By Jane Brewin, CEO, Tommy’s
We welcome the publication of the Maternity Review, which brings much needed vision to the provision of services to pregnant women in the UK, and touches on many of the topics that Tommy’s has campaigned for and worked on for years.
Preventing risks in pregnancy
Some of the biggest risk factors for poor birth outcomes are preventable. Smoking is the single biggest identifiable risk factor for poor birth outcomes. Obesity is also increasingly linked to risk of complications during pregnancy and health problems for the child. Empowering women to change these behaviours can make pregnancy safer. Therefore investment in pregnancy information and ensuring women have access to this information is more important than ever.
Tommy’s is leading the way here with a world class, midwife-led pregnancy information service that reaches 300k pregnant women a month and provides comprehensive information and advice on all the issues that could result in poor birth outcomes. We will also continue to invest in health campaigns on the six areas that we think will have most impact on pregnancy health: smoking, nutrition, weight management, mental health, exercise and knowing the symptoms that necessitate a call to a midwife/doctor.
We welcome the focus on continuity of care and perinatal mental health
Of the key priorities that are highlighted in the review, we particularly welcome the calls for continuity of care and more support for women who experience mental health issues during pregnancy.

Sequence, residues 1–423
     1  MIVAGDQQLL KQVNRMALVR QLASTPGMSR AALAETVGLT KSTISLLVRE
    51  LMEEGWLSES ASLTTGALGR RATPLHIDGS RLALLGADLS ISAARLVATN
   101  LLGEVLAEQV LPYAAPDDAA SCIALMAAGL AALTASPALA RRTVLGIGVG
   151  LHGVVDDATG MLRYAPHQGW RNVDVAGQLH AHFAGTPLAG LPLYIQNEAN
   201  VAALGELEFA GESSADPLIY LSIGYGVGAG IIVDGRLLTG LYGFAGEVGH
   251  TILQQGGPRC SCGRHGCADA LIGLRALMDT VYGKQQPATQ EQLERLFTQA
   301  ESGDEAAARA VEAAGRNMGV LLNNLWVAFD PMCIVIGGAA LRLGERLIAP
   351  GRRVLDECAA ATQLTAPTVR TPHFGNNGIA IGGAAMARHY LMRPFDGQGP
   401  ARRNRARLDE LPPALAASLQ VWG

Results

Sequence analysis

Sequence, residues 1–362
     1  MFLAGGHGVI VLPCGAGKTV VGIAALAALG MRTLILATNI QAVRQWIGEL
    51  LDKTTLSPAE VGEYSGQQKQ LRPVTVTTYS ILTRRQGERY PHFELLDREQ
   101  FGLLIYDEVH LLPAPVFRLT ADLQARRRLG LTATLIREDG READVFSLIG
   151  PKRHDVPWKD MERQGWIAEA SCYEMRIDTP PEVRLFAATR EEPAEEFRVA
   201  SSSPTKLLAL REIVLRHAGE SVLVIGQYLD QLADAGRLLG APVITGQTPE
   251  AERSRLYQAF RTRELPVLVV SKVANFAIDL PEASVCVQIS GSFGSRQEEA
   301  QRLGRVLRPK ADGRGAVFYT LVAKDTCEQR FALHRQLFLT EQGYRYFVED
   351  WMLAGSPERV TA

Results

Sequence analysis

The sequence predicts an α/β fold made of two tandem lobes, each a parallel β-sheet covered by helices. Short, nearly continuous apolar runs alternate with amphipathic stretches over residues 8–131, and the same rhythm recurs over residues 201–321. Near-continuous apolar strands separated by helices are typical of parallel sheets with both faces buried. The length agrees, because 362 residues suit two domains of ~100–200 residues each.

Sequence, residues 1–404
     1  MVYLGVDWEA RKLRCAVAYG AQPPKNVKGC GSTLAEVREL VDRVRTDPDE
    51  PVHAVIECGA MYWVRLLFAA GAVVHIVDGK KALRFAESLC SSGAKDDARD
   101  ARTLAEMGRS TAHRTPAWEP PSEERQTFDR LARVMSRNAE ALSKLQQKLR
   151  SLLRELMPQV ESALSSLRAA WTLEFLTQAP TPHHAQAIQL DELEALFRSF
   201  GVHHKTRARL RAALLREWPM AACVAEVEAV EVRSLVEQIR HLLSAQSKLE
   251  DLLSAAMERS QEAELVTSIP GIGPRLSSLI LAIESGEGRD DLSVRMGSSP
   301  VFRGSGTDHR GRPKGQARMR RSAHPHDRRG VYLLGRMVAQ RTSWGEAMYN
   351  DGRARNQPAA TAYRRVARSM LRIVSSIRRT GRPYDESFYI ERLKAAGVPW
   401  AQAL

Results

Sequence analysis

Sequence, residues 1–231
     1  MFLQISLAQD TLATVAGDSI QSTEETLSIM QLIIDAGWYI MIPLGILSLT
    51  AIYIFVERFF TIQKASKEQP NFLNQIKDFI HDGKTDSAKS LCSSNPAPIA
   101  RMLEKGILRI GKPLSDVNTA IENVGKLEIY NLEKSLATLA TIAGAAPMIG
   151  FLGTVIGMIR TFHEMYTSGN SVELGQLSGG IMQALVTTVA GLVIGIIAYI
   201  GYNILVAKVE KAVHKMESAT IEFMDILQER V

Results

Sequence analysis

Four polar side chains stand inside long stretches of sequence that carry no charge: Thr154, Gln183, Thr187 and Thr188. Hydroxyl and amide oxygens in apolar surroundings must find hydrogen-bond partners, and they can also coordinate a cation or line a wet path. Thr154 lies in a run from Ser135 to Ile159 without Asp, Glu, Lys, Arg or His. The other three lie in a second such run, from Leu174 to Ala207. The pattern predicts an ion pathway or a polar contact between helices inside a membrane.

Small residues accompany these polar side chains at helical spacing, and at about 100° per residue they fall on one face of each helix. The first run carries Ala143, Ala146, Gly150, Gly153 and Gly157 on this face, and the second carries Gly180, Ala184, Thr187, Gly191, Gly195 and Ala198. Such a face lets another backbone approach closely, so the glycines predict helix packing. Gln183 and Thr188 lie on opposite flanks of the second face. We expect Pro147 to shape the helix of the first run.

Continuity of care, with a woman seeing ideally one trusted midwife through her pregnancy and in labour, is an acknowledged way of improving pregnancy outcomes.
Perinatal mental health issues affect up to 20% women but while a woman who is pregnant is more likely to experience mental health issues she is less likely to receive help than a non-pregnant woman. This has to change. Mental health issues during pregnancy can easily develop into postnatal depression, with potentially disastrous consequences for the family. Spotting these cases and treating a woman effectively during pregnancy can improve outcomes for mums and their babies.
Miscarriage and pre-term birth notable in their absence
Although much emphasis has been placed on safer births and choice of where to give birth, miscarriage is barely mentioned in this report. With a huge amount of women going through this trauma (1 in 4), we feel this is a notable absence. Tommy’s would like to have seen greater emphasis on how to reduce miscarriage, and how to care for women who have gone through it.
Tommy's centre highlighted as best practice
We were pleased to see our Maternal and Fetal Research Centre in St Mary’s Hospital in Manchester highlighted as a best practice model in identifying and preventing stillbirth, as well providing an excellent model for the care of parents who experience stillbirth and those pregnant again afterwards.
The best practice care for high risk pregnancies that Tommy’s research team established in St Mary’s is now being extended across the North West region. Combining much-needed research with improving clinical care and support which drives better outcomes for mums and their babies has been shown in all three of Tommy’s research centres to be a key way of making pregnancy safer.
For further information or comment from Tommy’s, please contact
Hannah Blake | [email protected] | 020 3701 7666 | 07761 039361
In addition to our core work on miscarriage, stillbirth, preterm birth and pre-eclampsia, Tommy’s also funds projects that research the effects of lifestyle and well-being on pregnancy and on the later life of the child.
When a baby dies after 24 weeks of gestation, it is called a stillbirth. Around 2.6 million babies are stillborn each year . Tommy’s research is helping to change this.
Around 60,000 babies are born prematurely each year in the UK . These babies are vulnerable – they are born before they have grown to cope with the outside world. Tommy’s is saving lives by researching how we can prevent premature births by finding those at risk early on.